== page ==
P-values a Bayesian Perspective

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Consider the following null and alternative hypotheses:


Ho: μ < 100

Ha: μ > 100


Suppose that σ = 25 and from a sample of 60, the sample mean = 106. We can calculate the Z value:



Since this is a right-tail Z test, the p-value = P(Z > 1.86) = 0.0314 = 3.14%. If we were testing at a 5% level of significance, we would reject the null hypothesis since the p-value is less than 5%.


The central limit theorem states that the p-value = P(> 106) given μ = 100, σ = 25 and n = 60. The integral would be:



In the formula, we substitute x for .


If we let:






Substituting, we get:



This is simply P(Z > 1.86).


The above argument is from the frequentist school of thought: If we assume μ = 100, the p-value is the probability of obtaining a sample mean as great as 106 given σ = 25 and n = 60.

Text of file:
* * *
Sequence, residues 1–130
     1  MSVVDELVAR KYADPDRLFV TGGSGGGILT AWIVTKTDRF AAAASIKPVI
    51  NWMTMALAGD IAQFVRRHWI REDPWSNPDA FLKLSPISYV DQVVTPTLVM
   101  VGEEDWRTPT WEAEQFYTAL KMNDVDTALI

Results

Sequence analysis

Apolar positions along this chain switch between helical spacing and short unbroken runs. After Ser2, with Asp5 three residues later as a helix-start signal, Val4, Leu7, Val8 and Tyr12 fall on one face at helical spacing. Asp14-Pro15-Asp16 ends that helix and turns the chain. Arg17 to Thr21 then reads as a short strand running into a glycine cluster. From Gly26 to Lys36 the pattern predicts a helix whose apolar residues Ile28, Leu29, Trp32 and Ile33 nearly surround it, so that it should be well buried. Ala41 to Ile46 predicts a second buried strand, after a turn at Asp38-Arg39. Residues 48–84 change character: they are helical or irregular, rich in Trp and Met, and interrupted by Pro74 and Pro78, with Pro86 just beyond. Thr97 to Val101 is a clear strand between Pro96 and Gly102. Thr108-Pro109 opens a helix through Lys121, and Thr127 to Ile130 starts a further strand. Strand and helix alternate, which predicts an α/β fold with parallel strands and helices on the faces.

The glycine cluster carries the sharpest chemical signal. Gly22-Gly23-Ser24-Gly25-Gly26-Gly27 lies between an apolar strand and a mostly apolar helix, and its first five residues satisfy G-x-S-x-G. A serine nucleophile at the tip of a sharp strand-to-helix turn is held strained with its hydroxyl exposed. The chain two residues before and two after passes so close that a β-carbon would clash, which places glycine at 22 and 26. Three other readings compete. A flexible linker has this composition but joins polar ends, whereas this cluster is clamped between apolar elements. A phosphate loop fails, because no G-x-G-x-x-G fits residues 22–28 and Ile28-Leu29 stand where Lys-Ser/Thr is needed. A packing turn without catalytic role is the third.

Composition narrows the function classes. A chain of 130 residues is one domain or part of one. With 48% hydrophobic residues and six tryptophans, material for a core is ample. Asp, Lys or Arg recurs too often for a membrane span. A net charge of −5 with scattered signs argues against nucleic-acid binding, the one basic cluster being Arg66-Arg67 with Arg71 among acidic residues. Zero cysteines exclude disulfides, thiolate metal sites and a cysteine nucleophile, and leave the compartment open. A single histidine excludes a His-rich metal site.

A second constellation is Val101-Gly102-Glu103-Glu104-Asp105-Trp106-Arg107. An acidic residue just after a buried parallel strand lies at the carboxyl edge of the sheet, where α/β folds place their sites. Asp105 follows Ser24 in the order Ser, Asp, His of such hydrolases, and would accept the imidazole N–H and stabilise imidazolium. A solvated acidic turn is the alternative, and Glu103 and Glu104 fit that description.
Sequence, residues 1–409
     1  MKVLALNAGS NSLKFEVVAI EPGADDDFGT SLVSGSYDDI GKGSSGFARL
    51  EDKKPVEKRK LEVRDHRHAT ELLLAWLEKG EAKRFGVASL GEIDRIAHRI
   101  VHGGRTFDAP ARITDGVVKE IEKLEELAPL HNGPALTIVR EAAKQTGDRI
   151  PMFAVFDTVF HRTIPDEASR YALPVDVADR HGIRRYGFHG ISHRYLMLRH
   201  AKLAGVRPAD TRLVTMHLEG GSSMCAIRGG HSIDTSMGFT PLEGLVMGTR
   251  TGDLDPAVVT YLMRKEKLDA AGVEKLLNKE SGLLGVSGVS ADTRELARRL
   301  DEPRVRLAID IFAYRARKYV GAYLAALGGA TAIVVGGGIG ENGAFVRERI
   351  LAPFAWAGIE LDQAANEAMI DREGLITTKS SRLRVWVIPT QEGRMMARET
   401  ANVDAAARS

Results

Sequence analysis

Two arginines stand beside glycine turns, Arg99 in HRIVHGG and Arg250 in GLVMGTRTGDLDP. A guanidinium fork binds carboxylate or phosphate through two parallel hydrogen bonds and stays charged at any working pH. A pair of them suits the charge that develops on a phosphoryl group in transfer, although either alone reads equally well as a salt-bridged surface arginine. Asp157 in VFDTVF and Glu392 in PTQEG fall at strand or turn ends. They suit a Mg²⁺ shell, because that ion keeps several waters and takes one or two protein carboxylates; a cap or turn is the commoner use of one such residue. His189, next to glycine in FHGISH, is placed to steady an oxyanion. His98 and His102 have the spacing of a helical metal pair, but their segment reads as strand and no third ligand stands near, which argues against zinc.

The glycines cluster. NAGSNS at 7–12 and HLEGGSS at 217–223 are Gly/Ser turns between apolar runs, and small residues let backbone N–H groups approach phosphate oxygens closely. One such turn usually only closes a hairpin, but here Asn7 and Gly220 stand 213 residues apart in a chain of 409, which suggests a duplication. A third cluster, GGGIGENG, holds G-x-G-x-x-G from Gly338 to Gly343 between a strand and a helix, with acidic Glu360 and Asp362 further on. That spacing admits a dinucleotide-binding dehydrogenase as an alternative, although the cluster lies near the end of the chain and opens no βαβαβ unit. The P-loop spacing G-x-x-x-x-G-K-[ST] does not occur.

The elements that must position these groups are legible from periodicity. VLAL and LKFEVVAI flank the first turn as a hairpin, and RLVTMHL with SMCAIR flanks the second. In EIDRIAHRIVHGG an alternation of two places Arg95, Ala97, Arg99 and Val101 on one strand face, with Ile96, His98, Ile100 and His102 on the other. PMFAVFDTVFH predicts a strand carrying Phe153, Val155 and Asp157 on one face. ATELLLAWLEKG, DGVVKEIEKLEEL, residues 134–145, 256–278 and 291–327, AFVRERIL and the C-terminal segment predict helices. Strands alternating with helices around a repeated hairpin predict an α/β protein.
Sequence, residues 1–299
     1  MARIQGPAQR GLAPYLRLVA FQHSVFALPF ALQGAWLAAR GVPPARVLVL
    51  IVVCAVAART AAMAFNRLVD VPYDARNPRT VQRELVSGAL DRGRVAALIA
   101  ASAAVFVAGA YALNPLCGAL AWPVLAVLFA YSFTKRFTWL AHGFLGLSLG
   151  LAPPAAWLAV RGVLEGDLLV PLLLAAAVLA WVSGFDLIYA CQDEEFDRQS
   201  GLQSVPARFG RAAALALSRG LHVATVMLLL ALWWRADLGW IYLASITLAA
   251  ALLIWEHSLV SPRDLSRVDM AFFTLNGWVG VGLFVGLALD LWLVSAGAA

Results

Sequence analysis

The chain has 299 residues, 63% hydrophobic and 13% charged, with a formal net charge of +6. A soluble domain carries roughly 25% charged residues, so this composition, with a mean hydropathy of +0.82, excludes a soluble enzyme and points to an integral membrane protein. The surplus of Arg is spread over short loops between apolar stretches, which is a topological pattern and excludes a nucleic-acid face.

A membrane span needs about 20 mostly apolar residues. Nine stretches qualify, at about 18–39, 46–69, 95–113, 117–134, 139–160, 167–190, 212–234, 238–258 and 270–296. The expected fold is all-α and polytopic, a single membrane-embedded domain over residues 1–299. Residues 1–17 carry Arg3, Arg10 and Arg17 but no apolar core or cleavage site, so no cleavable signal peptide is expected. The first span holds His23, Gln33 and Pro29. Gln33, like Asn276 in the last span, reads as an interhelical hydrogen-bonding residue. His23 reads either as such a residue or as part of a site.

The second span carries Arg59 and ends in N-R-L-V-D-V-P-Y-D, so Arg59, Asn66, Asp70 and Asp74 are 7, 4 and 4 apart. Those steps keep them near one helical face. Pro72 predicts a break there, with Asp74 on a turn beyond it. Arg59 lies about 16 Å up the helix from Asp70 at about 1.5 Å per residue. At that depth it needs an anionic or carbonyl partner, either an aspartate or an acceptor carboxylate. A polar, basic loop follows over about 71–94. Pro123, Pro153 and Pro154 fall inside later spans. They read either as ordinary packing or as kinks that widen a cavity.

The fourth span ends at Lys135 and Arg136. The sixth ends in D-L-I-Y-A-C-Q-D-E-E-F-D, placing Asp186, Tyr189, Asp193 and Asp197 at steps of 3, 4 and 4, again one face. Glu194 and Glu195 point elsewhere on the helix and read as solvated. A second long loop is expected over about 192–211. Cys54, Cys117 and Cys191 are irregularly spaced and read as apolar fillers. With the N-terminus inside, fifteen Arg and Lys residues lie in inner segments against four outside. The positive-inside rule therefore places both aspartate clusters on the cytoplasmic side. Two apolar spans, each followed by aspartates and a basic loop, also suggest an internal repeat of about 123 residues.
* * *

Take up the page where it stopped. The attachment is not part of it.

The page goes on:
However, from the Bayesian school of thought, μ is a random variable with its own mean and standard deviation. At the same time, we have a sample mean of 106. This raises the question: Given = 106, σ = 25 and n = 60, what is P(μ < 100)?


The integral would be:



If we let:






Substituting, we get:




The result is the same as the first integral.


Thus, from a Bayesian point of view, the p-value is the probability of the null hypothesis being true, given the data.